Joe Crain Criticizes ‘Code Red’ Alerts, Status with WICS Unclear

By Benjamin Cox on June 11, 2019 at 9:49am

WLDS/WEAI News ceased getting weather updates from Storm Team 20 WICS Thursday afternoon. It turns out there was a major shake up in the meteorology department at the station in Springfield. Joe Crain, well-known on-air staff meteorologist criticized the station’s “Code Red” alert for weather on air Wednesday morning. The video of the critique has since gone viral.

He stated that the “corporate initiative” for the alerts weren’t in line with proper reporting for severe thunderstorms. Crain believed that the alerts were sensationalizing the weather, causing ire from residents and creating panic when it was unnecessary. Sinclair Broadcasting, who owns the station, quickly pulled Crain from the station’s biography page and no statement has been made about Crain’s future employment.

Crain has been employed with WICS since 2004. He is the longest tenured on-air personality in the Springfield area. Crain believes the station should move towards the National Weather Service’s reporting methods using colors and numbers instead of the “Code Red” status. The status, according to Crain, had been drawing ire from listeners for months. In a Facebook message, Crain said he is still employed by the station and could offer no further comment.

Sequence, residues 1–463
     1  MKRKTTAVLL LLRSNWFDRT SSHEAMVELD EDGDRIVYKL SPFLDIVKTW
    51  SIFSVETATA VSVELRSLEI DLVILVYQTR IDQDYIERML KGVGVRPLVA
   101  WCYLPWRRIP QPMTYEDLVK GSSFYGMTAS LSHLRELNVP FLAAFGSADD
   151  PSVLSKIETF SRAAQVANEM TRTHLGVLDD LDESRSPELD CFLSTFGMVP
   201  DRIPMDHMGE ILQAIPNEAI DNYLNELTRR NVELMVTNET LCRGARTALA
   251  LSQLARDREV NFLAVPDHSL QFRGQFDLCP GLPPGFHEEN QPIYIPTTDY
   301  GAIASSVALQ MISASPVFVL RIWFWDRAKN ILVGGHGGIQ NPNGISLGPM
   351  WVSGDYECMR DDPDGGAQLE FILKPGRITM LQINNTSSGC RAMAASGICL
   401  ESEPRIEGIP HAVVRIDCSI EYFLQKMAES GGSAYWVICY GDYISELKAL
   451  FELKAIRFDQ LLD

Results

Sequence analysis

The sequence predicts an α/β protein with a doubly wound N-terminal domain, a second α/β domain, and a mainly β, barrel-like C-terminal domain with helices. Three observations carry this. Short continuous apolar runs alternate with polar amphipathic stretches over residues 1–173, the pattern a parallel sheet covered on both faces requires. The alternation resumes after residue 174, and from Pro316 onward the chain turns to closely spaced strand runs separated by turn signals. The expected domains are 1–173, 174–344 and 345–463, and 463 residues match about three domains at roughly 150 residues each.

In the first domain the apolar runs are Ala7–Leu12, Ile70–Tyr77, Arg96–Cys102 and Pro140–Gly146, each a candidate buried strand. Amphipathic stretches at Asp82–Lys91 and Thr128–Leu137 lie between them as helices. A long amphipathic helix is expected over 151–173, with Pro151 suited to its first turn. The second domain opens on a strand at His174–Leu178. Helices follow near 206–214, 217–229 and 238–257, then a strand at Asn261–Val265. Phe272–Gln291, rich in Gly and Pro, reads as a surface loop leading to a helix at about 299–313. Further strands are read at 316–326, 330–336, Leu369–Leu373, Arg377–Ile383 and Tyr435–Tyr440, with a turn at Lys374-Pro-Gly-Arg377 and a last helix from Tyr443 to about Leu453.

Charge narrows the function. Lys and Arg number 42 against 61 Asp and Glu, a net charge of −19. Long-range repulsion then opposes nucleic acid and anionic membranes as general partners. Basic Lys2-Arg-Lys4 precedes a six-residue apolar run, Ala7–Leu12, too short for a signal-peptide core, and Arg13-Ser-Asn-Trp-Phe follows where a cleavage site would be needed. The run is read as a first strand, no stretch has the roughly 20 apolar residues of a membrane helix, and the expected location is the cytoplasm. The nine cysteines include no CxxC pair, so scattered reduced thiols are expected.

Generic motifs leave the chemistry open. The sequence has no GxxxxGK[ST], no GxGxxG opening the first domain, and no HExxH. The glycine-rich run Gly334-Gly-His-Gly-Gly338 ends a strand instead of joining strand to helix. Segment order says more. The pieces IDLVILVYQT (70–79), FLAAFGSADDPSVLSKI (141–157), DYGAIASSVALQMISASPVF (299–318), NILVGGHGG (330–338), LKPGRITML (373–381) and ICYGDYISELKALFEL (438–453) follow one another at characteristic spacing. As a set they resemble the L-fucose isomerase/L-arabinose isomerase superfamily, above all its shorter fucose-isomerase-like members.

Since Crain’s absence, 14 sponsors have pulled their advertisements from the station. WICS has since changed the “Code Red” alert system to a new “Weather Warn” system. According to a report from the State Journal-Register, general manager Rick Lipps acknowledge that the ‘Code Red’ system was no longer fitting and that the station would work more precisely to define the areas of greatest concern during weather events.

The event has drawn publicity from the Washington Journal, CNN, Newsweek and several national and local publications. Lipps would not address Crain’s status Monday at the station due to company policy. Crain, too, has remained silent on social media and elsewhere since the incident.